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PGDip The Geology of Northern England (online)

Uncover the extraordinarily diverse landscapes and geological features of northern England.

2018/19 entry

Length

2 years part-time

Start date

September 2018 (term dates)

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From the spectacular igneous geology of the Lake District World Heritage Site and Northumberland National Park to the Yorkshire Jurassic ‘Dinosaur Coast’ and the mineral wealth of the Pennines, the North has an incredible geological history spanning almost 500 million years.

Concentrating solely upon the geological evolution of northern England, you will analyse and interpret key geological features and concepts to integrate regional knowledge into the interpretation of larger scale Earth processes and structures. 

You will assess the region’s importance in current and historical Earth science controversies and study human interactions with the rocks and landscapes of northern England from the Stone Age to the present day.

Undertaking this multidisciplinary qualification will equip you with a breadth of transferable skills including advanced research, science communication and palaeoenvironmental analysis. 

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"It is not often that something exceeds one’s expectations by a very wide margin – but this course did."
Ken Madrell, Final Year, PGDip The Geology of Northern England.

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Join a global community

Broaden your academic horizons alongside enthusiastic staff and students.

Learn online

Access the flexible modules from anywhere, at any time, and shape your own learning experience.

Residential weeks

Challenge your geological knowledge and field skills in an academically rigorous environment.

Course content

This Postgraduate Diploma is a part-time programme taught over two years. Throughout the course, you will explore the geological history and scientific importance of northern England and its global significance in the development of the Earth sciences from the Stone Age to the present day.

You will take six diverse modules that are delivered by the Centre for Lifelong Learning. In year one you will study the main Palaeozoic and Mesozoic geological units present in northern England. In your second year, you will learn how to conduct an advanced integrated palaeoenvironmental analysis. You will also examine the Cenozoic and recent geological history of northern England to gain an understanding of human interactions with, and exploitation of, the geological resources and landscapes.

At the beginning of each year, you’ll attend a five-day residential week in York where you will have the opportunity to study several classic sites of national and international importance. 

Should your circumstances change, you can end your studies after one year and graduate with a Postgraduate Certificate. 

Modules

You will take a total of 120 credits, which are split into three 20 credit core modules across the two years.

Year 1

In the first year of the course you are introduced to the key tenets and sub-disciplines of geology by focussing on the geological evolution of northern England. 

During this year's residential you will acquire the skills and knowledge required to analyse and interpret regional geology at postgraduate level. You will extrapolate and integrate your own observations of geological features from fieldwork sessions in Yorkshire. 

The first year core modules are:

Year 2

In the second year of study, you will further develop your palaeoecological and palaeoenvironmental interpretation skills through field and class-based exercises and case study investigations. You will assess and interpret the history of human interactions with northern England's rocks and landscapes as well as exploring the origins and changing value of economic resources in the region. 

This year's residential week will allow you to develop your evaluative abilities and focusses primarily upon advanced and integrated palaeoenvironmental analysis skills. It includes a full-day workshop at the National Geological Repository at the British Geological Survey headquarters where you will examine key rock cores from several sub-surface boreholes of northern England.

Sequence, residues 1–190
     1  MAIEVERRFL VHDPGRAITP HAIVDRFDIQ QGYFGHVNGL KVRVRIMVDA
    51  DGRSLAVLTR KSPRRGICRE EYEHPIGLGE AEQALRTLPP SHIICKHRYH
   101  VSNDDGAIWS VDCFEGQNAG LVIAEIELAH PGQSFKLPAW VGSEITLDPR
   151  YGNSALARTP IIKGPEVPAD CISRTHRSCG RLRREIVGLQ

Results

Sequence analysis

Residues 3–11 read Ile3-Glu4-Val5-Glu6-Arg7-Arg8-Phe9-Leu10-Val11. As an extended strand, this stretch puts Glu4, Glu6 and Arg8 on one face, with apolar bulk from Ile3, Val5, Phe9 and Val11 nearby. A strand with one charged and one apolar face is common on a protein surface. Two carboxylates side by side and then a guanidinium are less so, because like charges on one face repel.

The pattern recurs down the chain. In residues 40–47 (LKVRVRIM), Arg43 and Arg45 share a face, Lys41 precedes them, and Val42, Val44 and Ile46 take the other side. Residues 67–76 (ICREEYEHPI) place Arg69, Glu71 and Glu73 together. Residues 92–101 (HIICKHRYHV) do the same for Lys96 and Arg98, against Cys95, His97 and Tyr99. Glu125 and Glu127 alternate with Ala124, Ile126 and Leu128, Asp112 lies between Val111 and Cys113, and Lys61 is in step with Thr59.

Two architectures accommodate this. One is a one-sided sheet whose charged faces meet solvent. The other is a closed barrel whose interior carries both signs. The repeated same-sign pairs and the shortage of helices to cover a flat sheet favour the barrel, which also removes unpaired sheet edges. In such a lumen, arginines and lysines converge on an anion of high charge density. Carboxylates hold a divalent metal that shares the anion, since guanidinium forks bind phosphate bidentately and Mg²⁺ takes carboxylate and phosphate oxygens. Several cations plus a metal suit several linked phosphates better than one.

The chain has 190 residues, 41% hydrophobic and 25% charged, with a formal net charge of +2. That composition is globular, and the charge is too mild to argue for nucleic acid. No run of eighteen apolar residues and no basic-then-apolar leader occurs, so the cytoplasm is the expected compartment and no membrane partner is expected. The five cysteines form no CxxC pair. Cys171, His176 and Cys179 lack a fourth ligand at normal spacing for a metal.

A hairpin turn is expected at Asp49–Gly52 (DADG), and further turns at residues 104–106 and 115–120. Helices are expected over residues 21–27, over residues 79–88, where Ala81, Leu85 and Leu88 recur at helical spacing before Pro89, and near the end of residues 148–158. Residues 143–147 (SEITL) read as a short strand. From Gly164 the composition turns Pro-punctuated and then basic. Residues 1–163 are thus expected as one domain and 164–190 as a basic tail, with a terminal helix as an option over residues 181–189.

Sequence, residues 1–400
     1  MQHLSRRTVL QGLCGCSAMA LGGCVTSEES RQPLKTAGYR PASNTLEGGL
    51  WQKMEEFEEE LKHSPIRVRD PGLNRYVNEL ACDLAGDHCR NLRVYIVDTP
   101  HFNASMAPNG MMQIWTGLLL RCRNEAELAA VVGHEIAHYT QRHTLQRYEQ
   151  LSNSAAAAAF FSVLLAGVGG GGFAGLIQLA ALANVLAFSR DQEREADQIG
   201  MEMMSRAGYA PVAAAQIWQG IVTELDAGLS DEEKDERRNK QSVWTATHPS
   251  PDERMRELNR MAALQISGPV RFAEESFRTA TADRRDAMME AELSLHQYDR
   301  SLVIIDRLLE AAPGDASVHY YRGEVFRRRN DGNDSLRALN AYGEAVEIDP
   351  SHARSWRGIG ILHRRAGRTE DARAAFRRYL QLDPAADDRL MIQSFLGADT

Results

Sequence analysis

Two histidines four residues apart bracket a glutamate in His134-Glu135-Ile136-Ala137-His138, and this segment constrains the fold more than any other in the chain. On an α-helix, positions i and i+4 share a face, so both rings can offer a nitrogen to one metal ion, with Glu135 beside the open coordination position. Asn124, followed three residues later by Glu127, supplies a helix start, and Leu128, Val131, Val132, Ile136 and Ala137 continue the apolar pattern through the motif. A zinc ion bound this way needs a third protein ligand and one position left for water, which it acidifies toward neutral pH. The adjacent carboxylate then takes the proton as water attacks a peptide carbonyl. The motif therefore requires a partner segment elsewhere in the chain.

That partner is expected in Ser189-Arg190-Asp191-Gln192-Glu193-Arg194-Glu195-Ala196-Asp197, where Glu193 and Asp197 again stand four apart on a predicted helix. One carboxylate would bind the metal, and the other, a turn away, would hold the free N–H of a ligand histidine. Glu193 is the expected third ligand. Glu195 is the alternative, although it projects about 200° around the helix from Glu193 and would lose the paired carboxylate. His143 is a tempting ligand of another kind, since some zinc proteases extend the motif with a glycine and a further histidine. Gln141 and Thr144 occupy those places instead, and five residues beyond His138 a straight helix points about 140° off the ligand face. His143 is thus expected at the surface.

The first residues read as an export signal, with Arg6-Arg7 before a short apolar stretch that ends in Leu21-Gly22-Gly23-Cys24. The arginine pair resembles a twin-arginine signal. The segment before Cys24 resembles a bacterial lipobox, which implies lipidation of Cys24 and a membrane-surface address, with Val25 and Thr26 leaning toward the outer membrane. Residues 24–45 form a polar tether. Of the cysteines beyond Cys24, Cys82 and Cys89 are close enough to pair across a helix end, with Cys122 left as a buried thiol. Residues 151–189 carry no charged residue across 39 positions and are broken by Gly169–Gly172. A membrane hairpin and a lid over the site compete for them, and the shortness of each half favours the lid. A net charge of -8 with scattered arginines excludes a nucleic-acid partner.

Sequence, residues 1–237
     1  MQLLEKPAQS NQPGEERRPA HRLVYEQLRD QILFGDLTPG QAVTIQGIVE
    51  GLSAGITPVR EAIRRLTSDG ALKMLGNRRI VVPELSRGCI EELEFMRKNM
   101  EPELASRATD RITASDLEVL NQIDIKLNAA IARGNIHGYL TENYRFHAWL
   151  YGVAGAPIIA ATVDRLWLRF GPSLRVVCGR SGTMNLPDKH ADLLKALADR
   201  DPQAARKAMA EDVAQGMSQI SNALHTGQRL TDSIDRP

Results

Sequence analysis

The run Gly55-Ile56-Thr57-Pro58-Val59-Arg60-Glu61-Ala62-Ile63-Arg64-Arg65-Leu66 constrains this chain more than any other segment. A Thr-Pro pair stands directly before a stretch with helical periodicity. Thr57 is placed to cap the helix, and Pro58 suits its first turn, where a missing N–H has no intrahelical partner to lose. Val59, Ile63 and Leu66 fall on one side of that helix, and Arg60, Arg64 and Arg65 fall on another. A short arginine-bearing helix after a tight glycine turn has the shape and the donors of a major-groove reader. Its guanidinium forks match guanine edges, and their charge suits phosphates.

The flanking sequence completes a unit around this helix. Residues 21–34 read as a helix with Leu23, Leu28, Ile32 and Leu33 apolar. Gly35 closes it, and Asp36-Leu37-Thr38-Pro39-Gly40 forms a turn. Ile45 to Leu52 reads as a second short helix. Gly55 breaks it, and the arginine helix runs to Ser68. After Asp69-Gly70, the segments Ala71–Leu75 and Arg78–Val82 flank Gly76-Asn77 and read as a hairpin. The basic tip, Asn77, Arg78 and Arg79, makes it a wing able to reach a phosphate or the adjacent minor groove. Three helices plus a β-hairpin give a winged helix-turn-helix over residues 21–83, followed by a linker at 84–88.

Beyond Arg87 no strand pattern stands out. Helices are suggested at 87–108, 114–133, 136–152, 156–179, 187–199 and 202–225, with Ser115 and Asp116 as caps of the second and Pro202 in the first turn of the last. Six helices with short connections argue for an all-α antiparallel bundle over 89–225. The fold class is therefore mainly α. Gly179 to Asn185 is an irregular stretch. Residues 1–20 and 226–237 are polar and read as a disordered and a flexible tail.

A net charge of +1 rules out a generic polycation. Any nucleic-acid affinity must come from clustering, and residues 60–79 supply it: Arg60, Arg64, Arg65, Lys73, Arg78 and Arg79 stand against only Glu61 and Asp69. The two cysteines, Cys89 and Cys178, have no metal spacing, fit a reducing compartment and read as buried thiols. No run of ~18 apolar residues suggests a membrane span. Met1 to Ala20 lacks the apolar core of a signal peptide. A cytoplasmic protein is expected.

The second year core modules are:

Please note, modules may change to reflect the latest academic thinking and expertise of our staff.

The York approach

Every course at York is built on a distinctive set of learning outcomes. These will give you a clear understanding of what you will be able to accomplish at the end of the course and help you explain what you can offer employers. Our academics identify the knowledge, skills, and experiences you'll need upon graduation and then design the course to get you there. Find out more about our approach to teaching and learning.

Students who complete this course will be able to:

  • Analyse, interpret and understand fundamental aspects of geoscience, through an examination of the key tenets and sub-disciplines of geology, achieved through a systematic study and understanding of the geological evolution of Yorkshire and northern England. 
  • Utilise digital skills, developed through visual, written and oral interaction and engagement with the distance learning online programme, and through this, make personal distinctions as to the value of their own work and that of colleagues. 
  • Interpret geological features accurately, using appropriate fieldwork methodologies, techniques and skills, and class-based geological analysis, during the two residential week courses at the University of York. 
  • Critically assess, evaluate, synthesise and interpret advanced palaeoecological and palaeoenvironmental information and data, at a local, regional and international level. 
  • Demonstrate a critical awareness of the scientific importance, and where appropriate, global significance of Yorkshire and northern England’s rocks, the pioneering geoscientists that worked upon them and the role they have played in our understanding of the evolution of the Earth. 
  • Critically analyse the history of human interactions with, and exploitation of, the geological resources and landscapes of Yorkshire and northern England, as well as their changing value and importance through time, from the Stone Age to the present day.

 

Fees and funding

Additional costs

We strive to make reading materials available digitally within licensing agreements. When this is not possible, students may have to obtain some key texts themselves.

UK-based students are encouraged to utilise the SCONUL Access scheme which allows students to borrow reading materials from other libraries belonging to the scheme. 

The annual residential weeks at York are included in the course fees but you should expect to pay for food, accommodation and travel, which will vary in price depending on your location and the standard of accommodation you choose to book.

Fees information

UK/EU or international fees? The level of fee that you will be asked to pay depends on whether you're classed as a UK/EU or international student.